He stared at me astonished. But before he could voice objections, I plunged into my plan, sweeping fear quite out from his heart. Then we were interrupted by Mr. Tapp, who ran up, pleading with me to go with him in his launch. I couldn't refuse--even though my mind was a medley with thinking of my great idea. I wasn't half civil to Mr. Tapp, I know. I wonder who he really is? He doesn't seem to be ordinary--not a bit. Adieu.
P.S.--On advice from Uncle, I wrote a note to Aunty today, telling her where I was and assuring her that I was in good hands and quite well and happy.
This morning Uncle and I got together while Betty was out, and looked over one of his books, "The Sea Scorpion" In it we found a wonderful portrait of a fierce-visaged sea captain--"Captain Gridd."
"You must resemble him," I determined, and Uncle nodded. Upstairs, the page before us, we got busy. Uncle's heart broke when his beard had to go under the shears. But we preserved it all and locked it in the dresser for resurrection. Then we mixed a heavy dye in the wash bowl and smeared it over his pale features and managed to put together some wild-weather-worn looking clothes suggestive of a lifetime at sea.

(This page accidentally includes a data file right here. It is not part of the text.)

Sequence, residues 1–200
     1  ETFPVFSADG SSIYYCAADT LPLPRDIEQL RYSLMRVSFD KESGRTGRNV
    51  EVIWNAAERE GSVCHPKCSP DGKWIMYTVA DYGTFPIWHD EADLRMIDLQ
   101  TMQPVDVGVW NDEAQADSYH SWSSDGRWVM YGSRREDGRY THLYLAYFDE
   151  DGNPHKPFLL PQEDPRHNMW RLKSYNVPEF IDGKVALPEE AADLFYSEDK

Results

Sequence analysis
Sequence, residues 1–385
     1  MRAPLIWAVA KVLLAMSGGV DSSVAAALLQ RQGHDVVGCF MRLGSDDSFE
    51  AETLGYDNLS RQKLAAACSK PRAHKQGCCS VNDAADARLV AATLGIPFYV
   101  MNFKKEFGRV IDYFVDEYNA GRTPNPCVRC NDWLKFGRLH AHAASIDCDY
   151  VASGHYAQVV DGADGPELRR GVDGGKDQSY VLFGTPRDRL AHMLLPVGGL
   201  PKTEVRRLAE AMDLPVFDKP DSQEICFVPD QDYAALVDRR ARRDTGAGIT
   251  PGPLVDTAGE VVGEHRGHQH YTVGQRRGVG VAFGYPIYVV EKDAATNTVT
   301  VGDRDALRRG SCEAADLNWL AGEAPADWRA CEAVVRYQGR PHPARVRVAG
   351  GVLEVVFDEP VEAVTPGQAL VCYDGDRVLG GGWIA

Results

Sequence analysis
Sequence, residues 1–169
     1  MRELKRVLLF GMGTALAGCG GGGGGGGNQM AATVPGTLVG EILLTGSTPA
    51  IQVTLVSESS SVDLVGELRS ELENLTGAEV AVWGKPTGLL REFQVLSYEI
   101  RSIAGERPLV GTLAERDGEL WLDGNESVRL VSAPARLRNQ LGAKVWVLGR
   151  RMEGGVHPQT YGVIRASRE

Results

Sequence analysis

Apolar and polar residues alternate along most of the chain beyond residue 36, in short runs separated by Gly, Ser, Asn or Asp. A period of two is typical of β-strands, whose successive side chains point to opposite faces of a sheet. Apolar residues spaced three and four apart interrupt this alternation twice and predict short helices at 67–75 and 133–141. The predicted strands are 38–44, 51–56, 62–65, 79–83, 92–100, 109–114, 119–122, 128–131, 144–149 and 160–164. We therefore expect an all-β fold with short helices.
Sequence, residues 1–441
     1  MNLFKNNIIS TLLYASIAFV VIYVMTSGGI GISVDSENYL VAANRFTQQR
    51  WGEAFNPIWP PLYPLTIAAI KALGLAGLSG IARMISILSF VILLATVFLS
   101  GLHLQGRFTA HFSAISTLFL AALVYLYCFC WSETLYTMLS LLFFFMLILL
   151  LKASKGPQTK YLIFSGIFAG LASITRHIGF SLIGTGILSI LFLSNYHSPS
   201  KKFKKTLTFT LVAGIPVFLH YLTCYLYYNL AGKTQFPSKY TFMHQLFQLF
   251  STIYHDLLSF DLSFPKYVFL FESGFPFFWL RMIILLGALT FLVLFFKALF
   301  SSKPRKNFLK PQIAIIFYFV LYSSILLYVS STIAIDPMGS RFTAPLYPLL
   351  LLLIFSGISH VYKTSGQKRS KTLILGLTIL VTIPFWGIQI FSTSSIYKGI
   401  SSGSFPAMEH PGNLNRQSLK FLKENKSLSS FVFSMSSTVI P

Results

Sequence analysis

I sent for Uncle Abe's chest, which Perry, station agent, called for immediately. Soon Betty returned. Close behind her entered Uncle. Betty whirled around as he stamped into the room. She gasped and stared, speechless as he glared at her, thundering:
"I suppose you're Betty Gallup. I'm Captain Amazon--Abe's brother."
His voice was thunderous. He swaggered about, more impressively than has ever been pinafored on any stage. "Excellent," I commended mentally, hiding behind a curtain. Then I stepped out, feigning surprise and fear.
Betty hadn't yet found her voice. I nearly choked trying to make a giggle sound like a nervous murmur. And yet I was a little nervous and so was Uncle. For all his bravado, I could see his knees trembling a little.
Uncle grudgingly explained that Abe had gone on a cruise for his health. "I'll take his place while he's gone."